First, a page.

Sedentary Species – Species that don’t move very much or at all during the fishable stages of their life cycles.
Selectivity – Ability to target and capture fish by size and species during harvesting operations, allowing bycatch of juvenile fish and non-target species to escape unharmed. In stock assessment, conventionally expressed as a relationship between retention and size (or age) by the fishery, with no reference to survival after escapement (Garcia 2009).
Sensitivityanalysis – An analytical technique to deal with uncertainty about future events and values. It consists of varying one element (e.g. rainfall, market price), or a combination of elements, and determining the effect of those changes on the outcome of a project. In economic analysis, the effect of the changes on a measure of project value is calculated (FAO 1993).
Single-species fishery – A type of fishery in which fishers target only one species of fish, although it is usually impossible not to catch others incidentally (Blackhart et al., 2006).
Size composition (syn.: Length composition) – The numbers of fish that are in each size (length) category.
Size at maturity – The weight or length at which 50% of fish of a given sex reach reproductive maturity.
Social system structures, capacities and norms – Qualitative and/or quantitative information about the social and cultural characteristics of the system and how do they relate to fishery management (e.g., how close-knitt is the community; what are local perceptions and beliefs around sustainability and resource use; have community members ever engaged in collective action; etc.).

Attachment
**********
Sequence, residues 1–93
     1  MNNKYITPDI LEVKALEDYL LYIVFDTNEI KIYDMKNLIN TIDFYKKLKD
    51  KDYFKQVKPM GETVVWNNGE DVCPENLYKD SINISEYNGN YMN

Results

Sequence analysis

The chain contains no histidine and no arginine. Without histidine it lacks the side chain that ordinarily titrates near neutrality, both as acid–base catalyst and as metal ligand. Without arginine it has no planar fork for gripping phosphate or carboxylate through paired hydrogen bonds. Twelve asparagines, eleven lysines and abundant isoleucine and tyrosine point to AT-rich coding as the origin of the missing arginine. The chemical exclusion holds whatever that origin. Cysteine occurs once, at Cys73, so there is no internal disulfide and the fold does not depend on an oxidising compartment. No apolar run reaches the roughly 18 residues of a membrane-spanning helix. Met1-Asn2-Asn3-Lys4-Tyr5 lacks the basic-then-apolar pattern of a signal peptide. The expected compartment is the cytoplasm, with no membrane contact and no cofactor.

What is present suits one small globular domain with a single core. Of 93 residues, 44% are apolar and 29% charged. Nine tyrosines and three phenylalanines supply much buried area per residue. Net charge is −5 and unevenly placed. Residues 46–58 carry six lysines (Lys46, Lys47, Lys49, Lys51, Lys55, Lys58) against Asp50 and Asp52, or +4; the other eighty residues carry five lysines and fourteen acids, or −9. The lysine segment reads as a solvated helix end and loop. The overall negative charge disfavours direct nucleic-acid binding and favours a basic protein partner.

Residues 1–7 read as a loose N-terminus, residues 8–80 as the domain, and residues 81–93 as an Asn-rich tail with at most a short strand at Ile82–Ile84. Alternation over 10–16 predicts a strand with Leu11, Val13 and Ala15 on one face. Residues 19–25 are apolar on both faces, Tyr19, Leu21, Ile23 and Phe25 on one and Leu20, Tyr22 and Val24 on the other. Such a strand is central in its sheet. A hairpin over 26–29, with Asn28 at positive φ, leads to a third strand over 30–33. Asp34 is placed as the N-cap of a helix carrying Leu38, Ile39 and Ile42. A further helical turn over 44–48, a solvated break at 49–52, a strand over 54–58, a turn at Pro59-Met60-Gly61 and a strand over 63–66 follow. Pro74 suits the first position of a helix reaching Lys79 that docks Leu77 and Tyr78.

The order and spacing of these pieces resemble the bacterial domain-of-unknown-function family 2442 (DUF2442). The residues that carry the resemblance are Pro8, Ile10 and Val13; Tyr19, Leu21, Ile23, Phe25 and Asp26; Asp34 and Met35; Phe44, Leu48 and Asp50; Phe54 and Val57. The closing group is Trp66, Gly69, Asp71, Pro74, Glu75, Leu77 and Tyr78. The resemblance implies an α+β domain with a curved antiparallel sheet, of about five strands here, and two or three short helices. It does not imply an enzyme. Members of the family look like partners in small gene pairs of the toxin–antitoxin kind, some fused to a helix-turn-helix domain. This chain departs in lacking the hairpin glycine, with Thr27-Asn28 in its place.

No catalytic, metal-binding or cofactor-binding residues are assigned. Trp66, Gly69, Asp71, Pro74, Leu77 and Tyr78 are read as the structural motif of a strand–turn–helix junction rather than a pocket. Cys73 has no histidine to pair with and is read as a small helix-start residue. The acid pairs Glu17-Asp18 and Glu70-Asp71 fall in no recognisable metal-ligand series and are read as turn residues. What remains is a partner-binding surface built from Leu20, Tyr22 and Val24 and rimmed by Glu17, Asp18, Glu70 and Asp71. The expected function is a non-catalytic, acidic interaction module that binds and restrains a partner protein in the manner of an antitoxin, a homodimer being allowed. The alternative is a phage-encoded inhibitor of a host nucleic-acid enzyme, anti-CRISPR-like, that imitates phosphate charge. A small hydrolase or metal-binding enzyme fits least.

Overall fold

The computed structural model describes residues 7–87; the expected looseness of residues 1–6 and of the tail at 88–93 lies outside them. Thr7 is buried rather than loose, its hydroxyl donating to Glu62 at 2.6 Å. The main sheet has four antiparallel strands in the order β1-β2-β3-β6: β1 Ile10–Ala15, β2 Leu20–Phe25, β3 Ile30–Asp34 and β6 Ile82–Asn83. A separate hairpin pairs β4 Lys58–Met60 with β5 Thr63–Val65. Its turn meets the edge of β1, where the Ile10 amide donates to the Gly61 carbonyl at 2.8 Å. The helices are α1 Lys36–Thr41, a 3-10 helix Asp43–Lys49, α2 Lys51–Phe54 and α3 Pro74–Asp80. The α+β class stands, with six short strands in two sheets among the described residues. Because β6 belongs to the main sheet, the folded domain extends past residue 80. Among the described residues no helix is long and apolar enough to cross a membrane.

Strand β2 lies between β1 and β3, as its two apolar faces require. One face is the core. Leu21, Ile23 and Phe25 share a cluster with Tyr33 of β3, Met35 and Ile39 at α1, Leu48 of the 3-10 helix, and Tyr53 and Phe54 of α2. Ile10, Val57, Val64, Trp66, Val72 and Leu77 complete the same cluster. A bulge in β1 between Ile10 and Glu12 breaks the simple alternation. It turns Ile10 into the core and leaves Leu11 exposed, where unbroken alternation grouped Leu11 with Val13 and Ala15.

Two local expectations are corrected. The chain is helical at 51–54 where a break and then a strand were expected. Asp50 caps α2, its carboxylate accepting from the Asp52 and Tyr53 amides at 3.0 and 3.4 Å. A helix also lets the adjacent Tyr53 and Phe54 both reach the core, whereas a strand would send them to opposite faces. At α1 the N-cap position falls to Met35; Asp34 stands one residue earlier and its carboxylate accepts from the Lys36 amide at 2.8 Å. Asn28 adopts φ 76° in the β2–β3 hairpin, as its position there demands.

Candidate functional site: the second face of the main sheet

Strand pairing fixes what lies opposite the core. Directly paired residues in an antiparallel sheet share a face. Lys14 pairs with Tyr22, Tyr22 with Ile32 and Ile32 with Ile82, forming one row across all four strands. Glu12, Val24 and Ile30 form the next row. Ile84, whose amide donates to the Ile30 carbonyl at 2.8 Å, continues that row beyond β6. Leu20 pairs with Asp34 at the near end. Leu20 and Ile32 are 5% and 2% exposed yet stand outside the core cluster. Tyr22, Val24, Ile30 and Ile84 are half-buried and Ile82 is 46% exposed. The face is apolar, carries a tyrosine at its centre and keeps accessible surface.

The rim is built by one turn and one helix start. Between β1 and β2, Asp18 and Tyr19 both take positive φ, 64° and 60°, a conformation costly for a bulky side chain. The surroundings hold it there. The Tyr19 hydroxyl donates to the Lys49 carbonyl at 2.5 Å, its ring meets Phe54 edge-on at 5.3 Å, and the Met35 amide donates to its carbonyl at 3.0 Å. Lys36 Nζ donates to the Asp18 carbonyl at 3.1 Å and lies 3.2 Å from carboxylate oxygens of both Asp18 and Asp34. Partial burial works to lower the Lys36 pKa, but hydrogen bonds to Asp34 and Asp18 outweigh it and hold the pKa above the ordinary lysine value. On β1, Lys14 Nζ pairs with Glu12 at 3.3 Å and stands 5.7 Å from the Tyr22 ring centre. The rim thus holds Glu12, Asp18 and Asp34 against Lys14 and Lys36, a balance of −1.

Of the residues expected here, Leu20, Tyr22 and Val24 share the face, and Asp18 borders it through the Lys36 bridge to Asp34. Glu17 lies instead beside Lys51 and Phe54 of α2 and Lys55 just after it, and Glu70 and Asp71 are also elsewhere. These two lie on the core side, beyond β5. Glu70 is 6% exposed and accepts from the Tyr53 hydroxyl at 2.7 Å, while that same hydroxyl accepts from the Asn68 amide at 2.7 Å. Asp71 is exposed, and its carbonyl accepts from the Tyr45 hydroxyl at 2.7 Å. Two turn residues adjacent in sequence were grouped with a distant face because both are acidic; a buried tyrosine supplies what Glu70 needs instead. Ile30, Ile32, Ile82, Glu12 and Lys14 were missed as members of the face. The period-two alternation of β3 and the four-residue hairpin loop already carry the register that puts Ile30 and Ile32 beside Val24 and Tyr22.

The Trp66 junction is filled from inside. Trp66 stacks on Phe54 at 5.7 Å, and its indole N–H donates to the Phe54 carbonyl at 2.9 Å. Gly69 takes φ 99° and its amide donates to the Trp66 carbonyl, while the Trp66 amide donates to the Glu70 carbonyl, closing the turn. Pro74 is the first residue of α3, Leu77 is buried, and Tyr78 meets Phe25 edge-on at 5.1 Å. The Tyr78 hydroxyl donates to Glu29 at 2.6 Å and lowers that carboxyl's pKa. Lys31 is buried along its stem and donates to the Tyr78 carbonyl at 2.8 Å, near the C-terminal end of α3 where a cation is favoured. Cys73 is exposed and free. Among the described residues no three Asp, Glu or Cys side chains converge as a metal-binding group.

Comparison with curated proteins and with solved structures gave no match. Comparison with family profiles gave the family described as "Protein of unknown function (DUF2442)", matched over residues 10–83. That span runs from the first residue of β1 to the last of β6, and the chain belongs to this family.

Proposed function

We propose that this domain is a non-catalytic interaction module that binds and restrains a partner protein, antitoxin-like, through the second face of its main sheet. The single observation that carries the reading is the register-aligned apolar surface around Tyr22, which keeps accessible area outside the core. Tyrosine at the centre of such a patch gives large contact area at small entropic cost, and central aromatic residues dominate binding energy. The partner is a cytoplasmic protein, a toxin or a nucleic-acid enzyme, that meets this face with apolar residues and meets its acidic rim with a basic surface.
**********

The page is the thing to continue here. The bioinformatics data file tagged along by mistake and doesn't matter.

Spawning potential ratio – The number of eggs that could be produced by an average recruit in a fished stock divided by the number of eggs that could be produced by an average recruit in an unfished stock (Blackhart et al., 2006).
Spawning stock biomass (SSB) (syn.: Spawning stock biomass-per-recruit) – 1. The total weight of all fish (both males and females) in the population which contribute to reproduction. Often conventionally defined as the biomass of all individuals beyond “age at first maturity” or “size at first maturity” i.e. beyond the age or size class in which 50% of the individuals are mature. 2. The total biomass of fish of reproductive age during the breeding season of a stock (Cooke 1984).
Spawning stock biomass-per-recruit (syn.: Spawning Stock Biomass) – The expected lifetime contribution to the spawning stock biomass for the average recruit to the fishery. For a given exploitation pattern, rate of growth, maturity schedule and natural mortality, an equilibrium value of SSB/R can be calculated for any level of F. SSB/R decreases monotonically with increasing fishing mortality F.
Species – A group of living organisms consisting of similar individuals capable of exchanging genes or interbreeding.
Standard length – The length of a fish measured from the tip of the snout to the posterior end of the last vertebra or to the posterior end of the midlateral portion of the hypural plate. Simply put, this measurement excludes the length of the caudal fin. Also see total length, fork length, and head length (Figure 2, above).